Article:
FEATURED POSTS

The Phantom of the Opera: Historical Inspirations, Literary Analysis, & Film Adaptations -- a Spooky Spotlight on the Gothic Novel

9 Jun 2019

1/10
Please reload

The

CLASSIC HORROR BLOG

Illuminating Supernatural Fiction, Horror, and the Gothic

from Mary Shelley to H. P. Lovecraft

  • Twitter - White Circle
  • Facebook - White Circle
  • Instagram - White Circle

Since its publication in 1898, Henry James' "The Turn of the Screw" has absorbed our collective imaginations. It is a story that pits innocence against corruption, desire against duty, and children against ghosts. While it has been filmed over a dozen times for both th...

“Moonlight, in a familiar room, falling so white upon the carpet, and showcasing all its figures so distinctly, -- making every object so minute visible, yet so unlike a morning or noontide visibility, -- is a medium the most suitable for a romance-writer to get acquai...

Like the other exemplars of the five respective genres of literary horror (Frankenstein, Dracula, Jekyll and Hyde, Haunting of Hill House), “The Turn of the Screw” has a fascinating genesis. Mary Shelley and Robert Louis Stevenson were both inspired by horrifying night...

The last of James’ ghost stories, written six years before his death, is widely considered his best, after “Turn of the Screw.” “The Jolly Corner” is rife with personal details: it was penned thirty-three years after James’ settlement in Europe, and three years after h...

One of James’ darkest tales – exceeding “Romance of Certain Old Clothes” and rivalling Turn – “Owen Wingrave” has been his second-most commented upon ghost story, surpassing even “The Jolly Corner,” and shares the distinction with Turn of the Screw of having been made...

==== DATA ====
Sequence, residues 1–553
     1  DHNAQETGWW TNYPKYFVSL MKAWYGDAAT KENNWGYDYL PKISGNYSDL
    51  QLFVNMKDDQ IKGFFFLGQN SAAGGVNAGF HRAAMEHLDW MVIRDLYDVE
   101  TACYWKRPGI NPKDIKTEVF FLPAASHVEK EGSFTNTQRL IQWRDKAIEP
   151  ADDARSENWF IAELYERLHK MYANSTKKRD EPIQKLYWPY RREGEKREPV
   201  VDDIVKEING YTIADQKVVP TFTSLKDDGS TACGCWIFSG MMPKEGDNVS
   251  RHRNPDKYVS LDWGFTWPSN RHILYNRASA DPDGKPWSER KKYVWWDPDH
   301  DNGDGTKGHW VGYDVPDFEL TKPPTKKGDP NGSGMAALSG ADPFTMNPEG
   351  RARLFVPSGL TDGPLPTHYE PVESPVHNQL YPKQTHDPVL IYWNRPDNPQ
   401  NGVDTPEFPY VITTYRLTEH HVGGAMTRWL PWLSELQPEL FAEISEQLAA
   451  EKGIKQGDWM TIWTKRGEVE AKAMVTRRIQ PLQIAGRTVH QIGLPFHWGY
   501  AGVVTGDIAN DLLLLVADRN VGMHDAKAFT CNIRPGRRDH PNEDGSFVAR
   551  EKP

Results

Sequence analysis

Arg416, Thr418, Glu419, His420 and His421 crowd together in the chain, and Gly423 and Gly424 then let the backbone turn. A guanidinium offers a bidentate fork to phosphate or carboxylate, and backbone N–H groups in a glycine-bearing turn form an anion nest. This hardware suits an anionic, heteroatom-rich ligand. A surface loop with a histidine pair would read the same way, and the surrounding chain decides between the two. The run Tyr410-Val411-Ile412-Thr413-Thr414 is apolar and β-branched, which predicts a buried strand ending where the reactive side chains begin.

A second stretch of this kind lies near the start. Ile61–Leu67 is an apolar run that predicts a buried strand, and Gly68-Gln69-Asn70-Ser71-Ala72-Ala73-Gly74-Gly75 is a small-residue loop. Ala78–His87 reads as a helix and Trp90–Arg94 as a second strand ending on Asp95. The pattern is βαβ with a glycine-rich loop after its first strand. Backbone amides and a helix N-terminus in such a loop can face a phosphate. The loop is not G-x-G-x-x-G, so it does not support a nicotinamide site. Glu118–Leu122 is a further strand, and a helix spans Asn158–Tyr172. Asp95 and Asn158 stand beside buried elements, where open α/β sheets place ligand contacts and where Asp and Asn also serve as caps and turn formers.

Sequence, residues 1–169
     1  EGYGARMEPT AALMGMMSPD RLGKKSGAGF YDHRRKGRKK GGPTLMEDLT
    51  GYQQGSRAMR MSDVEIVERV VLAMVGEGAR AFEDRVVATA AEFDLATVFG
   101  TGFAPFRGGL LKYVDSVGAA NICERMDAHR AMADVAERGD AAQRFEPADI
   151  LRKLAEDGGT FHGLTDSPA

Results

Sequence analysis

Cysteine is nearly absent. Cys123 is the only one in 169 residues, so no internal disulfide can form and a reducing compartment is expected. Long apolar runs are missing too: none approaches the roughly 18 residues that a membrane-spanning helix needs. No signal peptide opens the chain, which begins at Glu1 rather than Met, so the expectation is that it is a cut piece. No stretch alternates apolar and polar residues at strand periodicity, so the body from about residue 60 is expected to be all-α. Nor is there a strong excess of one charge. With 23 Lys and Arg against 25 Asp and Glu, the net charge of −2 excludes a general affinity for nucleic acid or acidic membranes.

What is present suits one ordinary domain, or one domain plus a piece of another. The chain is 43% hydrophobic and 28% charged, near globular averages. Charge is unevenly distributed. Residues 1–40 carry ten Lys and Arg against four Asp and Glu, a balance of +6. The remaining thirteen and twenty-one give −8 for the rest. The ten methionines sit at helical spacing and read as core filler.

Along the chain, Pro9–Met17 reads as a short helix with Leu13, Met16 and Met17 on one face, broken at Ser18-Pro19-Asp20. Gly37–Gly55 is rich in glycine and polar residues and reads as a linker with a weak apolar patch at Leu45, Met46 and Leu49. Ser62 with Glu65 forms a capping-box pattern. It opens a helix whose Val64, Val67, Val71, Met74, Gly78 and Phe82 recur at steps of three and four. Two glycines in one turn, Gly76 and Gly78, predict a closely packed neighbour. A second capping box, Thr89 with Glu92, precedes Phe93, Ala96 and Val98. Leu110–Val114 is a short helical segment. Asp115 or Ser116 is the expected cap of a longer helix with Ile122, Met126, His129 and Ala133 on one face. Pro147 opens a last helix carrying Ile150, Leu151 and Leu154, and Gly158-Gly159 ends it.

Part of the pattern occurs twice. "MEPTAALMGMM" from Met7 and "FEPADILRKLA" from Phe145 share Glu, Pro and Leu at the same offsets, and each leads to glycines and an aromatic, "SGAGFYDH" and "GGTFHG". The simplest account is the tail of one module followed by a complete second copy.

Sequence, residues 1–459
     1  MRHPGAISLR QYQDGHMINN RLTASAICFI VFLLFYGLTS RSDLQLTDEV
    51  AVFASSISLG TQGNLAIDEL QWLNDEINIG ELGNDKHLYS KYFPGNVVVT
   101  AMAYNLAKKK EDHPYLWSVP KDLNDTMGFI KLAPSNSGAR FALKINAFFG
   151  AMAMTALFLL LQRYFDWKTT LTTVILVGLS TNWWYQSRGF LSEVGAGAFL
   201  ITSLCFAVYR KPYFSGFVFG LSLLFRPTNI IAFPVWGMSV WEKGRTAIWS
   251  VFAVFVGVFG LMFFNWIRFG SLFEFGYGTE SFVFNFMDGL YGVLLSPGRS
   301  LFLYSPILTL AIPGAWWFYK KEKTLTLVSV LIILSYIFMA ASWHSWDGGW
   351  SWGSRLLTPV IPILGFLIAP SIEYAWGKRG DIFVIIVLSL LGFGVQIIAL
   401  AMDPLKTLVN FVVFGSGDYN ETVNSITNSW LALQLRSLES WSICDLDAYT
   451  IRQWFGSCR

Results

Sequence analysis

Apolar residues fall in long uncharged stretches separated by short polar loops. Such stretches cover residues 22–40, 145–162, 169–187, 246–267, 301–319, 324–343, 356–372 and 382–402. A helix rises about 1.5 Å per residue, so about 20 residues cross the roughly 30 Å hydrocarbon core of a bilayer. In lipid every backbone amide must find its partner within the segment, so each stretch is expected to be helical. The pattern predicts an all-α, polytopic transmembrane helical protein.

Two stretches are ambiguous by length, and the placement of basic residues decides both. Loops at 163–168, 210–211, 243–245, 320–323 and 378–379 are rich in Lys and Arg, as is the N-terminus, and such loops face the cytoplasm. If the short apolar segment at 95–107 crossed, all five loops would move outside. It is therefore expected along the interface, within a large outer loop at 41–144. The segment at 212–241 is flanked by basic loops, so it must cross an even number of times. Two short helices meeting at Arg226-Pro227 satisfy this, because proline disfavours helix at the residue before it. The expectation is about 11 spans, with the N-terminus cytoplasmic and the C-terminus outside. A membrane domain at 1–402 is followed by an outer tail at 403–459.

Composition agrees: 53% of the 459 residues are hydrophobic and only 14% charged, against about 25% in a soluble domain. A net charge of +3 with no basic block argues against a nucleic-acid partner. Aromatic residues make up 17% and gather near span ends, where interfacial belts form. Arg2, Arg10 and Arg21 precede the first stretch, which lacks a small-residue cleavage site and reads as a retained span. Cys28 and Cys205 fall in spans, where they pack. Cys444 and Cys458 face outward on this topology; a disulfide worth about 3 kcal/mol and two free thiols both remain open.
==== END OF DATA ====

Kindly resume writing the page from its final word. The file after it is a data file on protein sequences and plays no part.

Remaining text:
Henry James’ ghost stories are famously for their vague, psychological qualities, their unreliable (or reliable?) narrators, and their chilling mixture of realism and romantic suggestiveness. There is the sense that his ghosts are often not real – not genuine phantoms...

He was not one for terror, or even horror. His fiction is impressionistic, psychological, and "courtly," but it has one pervasive emotion to it: unease -- discomfort, awkwardness, and a lurking shame buried in intentional secrecy. The fear of truth. The terror of expos...

The very first literary ghost story that I ever read was “The Turn of the Screw.” I had loads of books about hauntings, phantom hitchhikers, cryptozoology, and supernatural folklore, but Henry James was the first writer who engaged my intellect as well as my imaginatio...

Please reload

RECENT POSTS
Please reload

JOIN US
  • Facebook Classic